Posted Monday, May 23, 2011, at 1:21 PM
Jon Huntsman's claim that he favored tax cuts, not spending, during the 2008-2009 debate over the stimulus bill. The bill that eventually passed consisted of tax cuts and spending, and Huntsman supported it. But what would his ideal stimulus have been?
Huntsman was already becoming a favorite of national reporters in 2008 and 2009, but it was as one of the few Republican advocates for a stimulus bill -- him, Schwarzenegger, Crist -- that his star really took off. He gave numerous interviews about that, but let's just look at two from Fox News. On January 19, 2009, Hunstman defended the stimulus even though, as he admitted, Utah wasn't in terribly dire straits compared to the rest of the country.
CAVUTO: For you to look at some of the stimulus, even though you and your state don't need it...
HUNTSMAN: Well, if stimulus money is going to be invested in the U.S. economy, why don't those dollars follow projects that are ready to go? Our state has more shovel-ready projects than any state in America right now. And you got to remember, we're now the fastest- growing state in America, which surprises a lot of people, a lot of infrastructure projects that take people right through the West which is growing very, very rapidly.
CAVUTO: So you're intrinsically answering, you're saying, look, if the money is going to be out there, we want dibs on this, too.
HUNTSMAN: We want to electrify. We need to move toward renewable opportunities. We need highways. We need everything that the rest of the country is talking about, but we need it sooner because of the way in which we're growing demographically and economically.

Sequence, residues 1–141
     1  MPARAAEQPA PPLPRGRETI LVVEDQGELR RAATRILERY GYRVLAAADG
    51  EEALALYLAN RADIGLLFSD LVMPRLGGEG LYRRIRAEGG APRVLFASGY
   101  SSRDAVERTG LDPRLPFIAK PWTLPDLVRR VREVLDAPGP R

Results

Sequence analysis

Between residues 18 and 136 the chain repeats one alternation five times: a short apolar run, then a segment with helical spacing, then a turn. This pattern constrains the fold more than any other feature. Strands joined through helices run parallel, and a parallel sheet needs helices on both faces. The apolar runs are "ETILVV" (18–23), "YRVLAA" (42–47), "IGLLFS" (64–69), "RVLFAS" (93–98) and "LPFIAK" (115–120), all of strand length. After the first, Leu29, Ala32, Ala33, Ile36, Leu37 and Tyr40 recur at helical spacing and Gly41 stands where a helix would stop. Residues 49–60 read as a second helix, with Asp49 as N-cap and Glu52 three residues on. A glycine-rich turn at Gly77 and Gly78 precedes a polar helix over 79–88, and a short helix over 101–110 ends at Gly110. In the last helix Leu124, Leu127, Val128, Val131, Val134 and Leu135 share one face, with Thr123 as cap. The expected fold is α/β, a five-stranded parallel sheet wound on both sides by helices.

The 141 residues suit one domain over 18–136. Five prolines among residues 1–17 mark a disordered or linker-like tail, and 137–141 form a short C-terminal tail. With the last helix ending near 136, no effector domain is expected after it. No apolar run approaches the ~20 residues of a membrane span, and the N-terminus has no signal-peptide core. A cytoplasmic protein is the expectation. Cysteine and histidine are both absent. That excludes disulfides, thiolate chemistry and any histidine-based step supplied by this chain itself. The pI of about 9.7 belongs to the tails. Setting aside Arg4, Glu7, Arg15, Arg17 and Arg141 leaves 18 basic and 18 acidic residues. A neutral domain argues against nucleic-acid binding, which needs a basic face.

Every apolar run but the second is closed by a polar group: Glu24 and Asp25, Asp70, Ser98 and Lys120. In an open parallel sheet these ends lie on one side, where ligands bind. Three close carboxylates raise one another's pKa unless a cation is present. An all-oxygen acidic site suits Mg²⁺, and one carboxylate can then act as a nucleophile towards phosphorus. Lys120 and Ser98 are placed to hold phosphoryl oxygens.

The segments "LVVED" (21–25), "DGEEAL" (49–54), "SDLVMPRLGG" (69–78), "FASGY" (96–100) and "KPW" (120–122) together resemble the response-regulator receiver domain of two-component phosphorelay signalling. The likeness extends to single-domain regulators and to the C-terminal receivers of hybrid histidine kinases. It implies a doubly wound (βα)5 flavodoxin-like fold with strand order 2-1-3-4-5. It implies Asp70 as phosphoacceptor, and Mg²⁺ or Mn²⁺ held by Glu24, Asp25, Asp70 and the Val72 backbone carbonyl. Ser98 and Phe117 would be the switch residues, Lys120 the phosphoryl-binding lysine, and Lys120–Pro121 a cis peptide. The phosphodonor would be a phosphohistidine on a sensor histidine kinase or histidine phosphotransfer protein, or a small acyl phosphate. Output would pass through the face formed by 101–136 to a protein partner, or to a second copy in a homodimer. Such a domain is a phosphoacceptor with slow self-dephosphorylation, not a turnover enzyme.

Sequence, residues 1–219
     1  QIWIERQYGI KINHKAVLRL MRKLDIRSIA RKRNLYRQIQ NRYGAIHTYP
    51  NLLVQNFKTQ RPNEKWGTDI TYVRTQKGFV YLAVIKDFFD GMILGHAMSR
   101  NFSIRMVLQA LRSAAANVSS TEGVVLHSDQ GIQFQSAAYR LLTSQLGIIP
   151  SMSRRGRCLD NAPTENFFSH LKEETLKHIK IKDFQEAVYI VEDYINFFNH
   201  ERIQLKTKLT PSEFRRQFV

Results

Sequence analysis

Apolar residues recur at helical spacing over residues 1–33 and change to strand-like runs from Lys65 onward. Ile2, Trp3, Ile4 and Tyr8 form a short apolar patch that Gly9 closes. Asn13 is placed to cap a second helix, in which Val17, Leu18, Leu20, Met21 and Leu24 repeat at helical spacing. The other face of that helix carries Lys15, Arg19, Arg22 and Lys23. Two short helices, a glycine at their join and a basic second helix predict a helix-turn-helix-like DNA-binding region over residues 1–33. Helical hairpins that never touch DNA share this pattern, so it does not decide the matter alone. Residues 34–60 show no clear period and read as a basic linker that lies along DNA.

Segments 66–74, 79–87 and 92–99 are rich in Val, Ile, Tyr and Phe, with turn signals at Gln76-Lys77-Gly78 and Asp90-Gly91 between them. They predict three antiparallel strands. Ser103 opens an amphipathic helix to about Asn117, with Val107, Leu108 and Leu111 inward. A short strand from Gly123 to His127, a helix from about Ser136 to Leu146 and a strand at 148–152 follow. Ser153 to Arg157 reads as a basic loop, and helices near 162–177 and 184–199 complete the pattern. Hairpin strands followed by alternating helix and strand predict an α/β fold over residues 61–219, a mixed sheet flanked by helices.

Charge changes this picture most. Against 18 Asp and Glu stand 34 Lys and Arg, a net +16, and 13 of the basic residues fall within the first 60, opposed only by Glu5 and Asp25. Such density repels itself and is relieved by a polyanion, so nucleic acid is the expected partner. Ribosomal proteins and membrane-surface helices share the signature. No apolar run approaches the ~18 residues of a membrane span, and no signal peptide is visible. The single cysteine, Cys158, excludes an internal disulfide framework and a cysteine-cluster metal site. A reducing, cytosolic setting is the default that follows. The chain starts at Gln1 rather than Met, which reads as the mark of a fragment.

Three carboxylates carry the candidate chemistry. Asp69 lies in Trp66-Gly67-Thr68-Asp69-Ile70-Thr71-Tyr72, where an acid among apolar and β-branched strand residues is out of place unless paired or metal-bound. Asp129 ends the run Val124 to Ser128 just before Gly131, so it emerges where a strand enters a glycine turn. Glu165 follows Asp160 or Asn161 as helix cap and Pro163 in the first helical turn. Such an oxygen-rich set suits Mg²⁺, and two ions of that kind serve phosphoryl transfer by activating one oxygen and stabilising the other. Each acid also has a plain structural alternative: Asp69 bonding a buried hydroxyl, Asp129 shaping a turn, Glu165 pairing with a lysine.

One month later, once the stimulus was passed over the opposition of every House Republican:
CAVUTO: Were you against the stimulus , Governor?
HUNSTMAN: Well, if I were in Congress, I probably would not have voted in favor because it didn't have enough stimulus and probably wasn't big enough to begin with .
At the same time, in a CNN interview with Rick Sanchez:
Well, let me just -- let me just shoot straight with you on this. We live in a political world where politicians are going to take sides on issues. And we live in a world where the media are going to take these differences and they're going to enhance them from time to time and make them the story of the day. So here we are. You've got one side talking about 1 percent of the bailout package and our friends in the media, who are basically making this a cause celebre day after day. And in actual fact, we have real people out there who are expecting governors to lead and solve some of these problems. And we're doing our best to do that.
Seems pretty clear what his position was, and how important it was, in his view, not to politicize it.